Neufeld Legal P.C. 403-400-4092 Chris@NeufeldLegal.com
BENEFITS OF INCORPORATION
There are numerous reasons for incorporating your business, nevertheless, before we look at what some of those reasons are, we should address some of the fundamental realities of incorporation. Incorporation is but a singular facet of your business' legal configuration. It cannot be viewed in a vaccuum, where a certain expectation linked to incorporation will invariably be the result in every situation. As with everything else, the benefits of incorporation are impacted by a multiplicity of external forces, which often negate the benefits associated with incorporation. As such, an anticipated benefit can be negated (often without your knowledge) by other actions and laws, such that the benefits you have read about or been advised upon may not be available to yourself. Unfortuantely, this is the reality of corporate law, and the rationale for your understanding the broader realities of the law.
Two of the primary impediments to your realizing the anticipated benefits of incorporation are the law and subsequent contractual arrangements that you enter into. Statutory law puts clear clear legal constraints on the corporation, as is evident in the Alberta Business Corporations Act (and the Canada Business Corporations Act for federal companies). Other federal and provincial statutes also impose rules and constraints on incorporated companies, as does the common law (i.e., via the principles of fraud and negligence). Meanwhile, subsequent contractual arrangements that you enter into can negate or seriously reduce the strategic benefits associated with incorporation, whether its through the requirement of personal guarantees or indemnifiers, the specific relinquishment of legal protections, or such other contractual alterations.
Nevertheless, there are potential benefits associated with incorporation, which can be extremely lucrative if properly integrated into a thriving business, including eliminating or minimizing personal liability, prospective tax advantages (i.e., tax rates and tax deferral), business perception, partnering with shareholders, structuring for investment opportunities, structuring for control, business succession planning, among others. The key, however, is that you work with skilled professionals (lawyers and accountants) such that you understand the applicability of those legal benefits, their limitations and situations that will negate or seriously reduce those benefits.
As such, when your business seeks the professional services of experienced legal counsel, whether when incorporating a new Calgary company or dealing with its ongoing corporate development, your business can look to the Calgary, Alberta law firm of Neufeld Legal P.C. Contact us at 403-400-4092 or via email Chris@NeufeldLegal.com.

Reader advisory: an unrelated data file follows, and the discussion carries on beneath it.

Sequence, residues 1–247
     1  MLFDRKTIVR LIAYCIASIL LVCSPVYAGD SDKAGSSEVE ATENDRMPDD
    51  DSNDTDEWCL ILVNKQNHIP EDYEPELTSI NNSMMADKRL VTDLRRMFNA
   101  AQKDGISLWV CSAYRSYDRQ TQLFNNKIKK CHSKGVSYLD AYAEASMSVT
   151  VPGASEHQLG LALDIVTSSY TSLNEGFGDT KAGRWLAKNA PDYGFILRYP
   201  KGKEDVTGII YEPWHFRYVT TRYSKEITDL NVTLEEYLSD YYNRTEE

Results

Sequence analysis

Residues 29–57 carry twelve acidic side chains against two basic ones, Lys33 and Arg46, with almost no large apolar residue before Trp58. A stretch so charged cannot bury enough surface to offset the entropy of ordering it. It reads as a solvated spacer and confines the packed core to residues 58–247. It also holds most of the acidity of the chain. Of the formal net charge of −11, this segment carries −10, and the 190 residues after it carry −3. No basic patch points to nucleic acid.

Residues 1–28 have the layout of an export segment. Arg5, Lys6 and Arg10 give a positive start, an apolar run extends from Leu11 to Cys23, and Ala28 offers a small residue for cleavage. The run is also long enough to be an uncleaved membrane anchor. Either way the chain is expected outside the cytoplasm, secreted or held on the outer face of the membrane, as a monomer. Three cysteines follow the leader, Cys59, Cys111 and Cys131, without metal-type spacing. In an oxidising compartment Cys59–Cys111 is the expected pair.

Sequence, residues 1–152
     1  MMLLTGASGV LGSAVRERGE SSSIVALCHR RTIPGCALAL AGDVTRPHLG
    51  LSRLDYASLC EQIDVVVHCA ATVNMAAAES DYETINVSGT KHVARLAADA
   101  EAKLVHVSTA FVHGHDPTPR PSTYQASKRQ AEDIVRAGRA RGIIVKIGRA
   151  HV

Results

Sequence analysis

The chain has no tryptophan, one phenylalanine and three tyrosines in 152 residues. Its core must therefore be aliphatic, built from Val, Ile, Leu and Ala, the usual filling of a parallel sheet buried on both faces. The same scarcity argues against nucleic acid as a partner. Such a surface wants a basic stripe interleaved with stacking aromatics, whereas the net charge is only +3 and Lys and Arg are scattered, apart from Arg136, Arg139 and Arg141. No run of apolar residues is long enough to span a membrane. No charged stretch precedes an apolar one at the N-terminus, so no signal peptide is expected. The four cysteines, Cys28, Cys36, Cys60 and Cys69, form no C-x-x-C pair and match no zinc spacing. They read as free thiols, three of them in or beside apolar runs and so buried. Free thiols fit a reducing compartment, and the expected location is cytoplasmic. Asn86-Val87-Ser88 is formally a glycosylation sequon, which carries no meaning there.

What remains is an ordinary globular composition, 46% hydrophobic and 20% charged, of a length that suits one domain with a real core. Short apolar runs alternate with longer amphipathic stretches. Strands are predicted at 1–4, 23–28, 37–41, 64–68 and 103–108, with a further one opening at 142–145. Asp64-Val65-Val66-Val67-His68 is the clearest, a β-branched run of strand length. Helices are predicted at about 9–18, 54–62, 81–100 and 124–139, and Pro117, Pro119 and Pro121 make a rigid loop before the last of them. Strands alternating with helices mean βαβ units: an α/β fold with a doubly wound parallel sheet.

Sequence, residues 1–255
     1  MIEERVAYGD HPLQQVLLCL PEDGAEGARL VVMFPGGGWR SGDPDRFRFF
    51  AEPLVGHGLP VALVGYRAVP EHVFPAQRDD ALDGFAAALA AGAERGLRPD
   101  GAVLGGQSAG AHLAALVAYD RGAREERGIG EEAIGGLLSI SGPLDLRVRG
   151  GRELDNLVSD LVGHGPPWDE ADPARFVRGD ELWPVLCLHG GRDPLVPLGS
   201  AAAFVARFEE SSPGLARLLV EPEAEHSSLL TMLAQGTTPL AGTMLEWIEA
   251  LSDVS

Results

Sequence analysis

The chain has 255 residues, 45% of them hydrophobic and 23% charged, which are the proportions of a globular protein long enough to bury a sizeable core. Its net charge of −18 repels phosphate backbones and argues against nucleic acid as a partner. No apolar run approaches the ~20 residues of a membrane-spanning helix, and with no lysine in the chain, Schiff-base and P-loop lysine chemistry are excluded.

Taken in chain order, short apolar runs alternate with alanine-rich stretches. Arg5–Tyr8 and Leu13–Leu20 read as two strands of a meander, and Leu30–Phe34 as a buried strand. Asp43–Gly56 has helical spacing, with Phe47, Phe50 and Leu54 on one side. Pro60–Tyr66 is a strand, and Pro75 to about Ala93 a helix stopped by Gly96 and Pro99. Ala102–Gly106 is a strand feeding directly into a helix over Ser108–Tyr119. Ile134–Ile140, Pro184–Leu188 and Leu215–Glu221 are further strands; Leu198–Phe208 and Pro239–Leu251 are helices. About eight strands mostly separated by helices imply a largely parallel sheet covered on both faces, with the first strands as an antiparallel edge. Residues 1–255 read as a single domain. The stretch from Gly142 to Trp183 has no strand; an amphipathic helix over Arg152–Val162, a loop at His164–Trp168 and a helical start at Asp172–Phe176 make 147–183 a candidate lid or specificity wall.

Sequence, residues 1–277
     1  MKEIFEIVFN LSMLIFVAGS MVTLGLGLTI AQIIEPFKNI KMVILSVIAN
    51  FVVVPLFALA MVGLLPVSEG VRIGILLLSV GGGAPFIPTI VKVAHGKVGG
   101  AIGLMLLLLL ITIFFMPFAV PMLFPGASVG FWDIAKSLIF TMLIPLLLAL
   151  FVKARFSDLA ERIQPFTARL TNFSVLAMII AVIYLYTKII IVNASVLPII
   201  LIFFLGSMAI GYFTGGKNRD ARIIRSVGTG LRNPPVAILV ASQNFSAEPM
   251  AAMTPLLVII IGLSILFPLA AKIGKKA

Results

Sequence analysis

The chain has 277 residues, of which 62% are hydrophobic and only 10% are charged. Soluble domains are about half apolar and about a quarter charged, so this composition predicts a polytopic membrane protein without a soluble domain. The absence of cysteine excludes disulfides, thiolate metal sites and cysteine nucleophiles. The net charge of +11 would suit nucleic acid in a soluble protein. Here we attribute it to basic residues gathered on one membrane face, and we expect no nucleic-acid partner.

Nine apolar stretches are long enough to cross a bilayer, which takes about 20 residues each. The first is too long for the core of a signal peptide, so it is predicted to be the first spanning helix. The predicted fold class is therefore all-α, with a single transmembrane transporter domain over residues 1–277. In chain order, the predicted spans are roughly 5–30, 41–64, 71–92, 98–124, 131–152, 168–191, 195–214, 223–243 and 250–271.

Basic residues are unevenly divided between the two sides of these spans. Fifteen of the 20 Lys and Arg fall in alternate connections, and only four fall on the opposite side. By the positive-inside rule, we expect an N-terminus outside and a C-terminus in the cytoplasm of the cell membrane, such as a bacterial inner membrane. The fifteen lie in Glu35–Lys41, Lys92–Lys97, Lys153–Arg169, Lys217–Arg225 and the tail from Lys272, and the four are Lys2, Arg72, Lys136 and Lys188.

Alberta Business Corporations Act
- important elements
Relationship of corporations
2(1) For the purposes of this Act,
(a) one body corporate is affiliated with another body corporate if one of them is the subsidiary of the other or both are subsidiaries of the same body corporate or each of them is controlled by the same person, and
(b) if 2 bodies corporate are affiliated with the same body corporate at the same time, they are deemed to be affiliated with each other.
(2) For the purposes of this Act, a body corporate is controlled by a person if
(a) securities of the body corporate to which are attached more than 50% of the votes that may be cast to elect directors of the body corporate are held, other than by way of security only, by or for the benefit of that person, and
(b) the votes attached to those securities are sufficient, if exercised, to elect a majority of the directors of the body corporate.
(3) For the purposes of this Act, a body corporate is the holding body corporate of another if that other body corporate is its subsidiary.
(4) For the purposes of this Act, a body corporate is a subsidiary of another body corporate if
(a) it is controlled by
(i) that other,
(ii) that other and one or more bodies corporate, each of which is controlled by that other, or
(iii) 2 or more bodies corporate, each of which is controlled by that other,
(b) it is a subsidiary of a body corporate that is that otherís subsidiary.
* For the full statute, please click on this link. Nothing should be read in the abstract and specific legal advice is always recommended.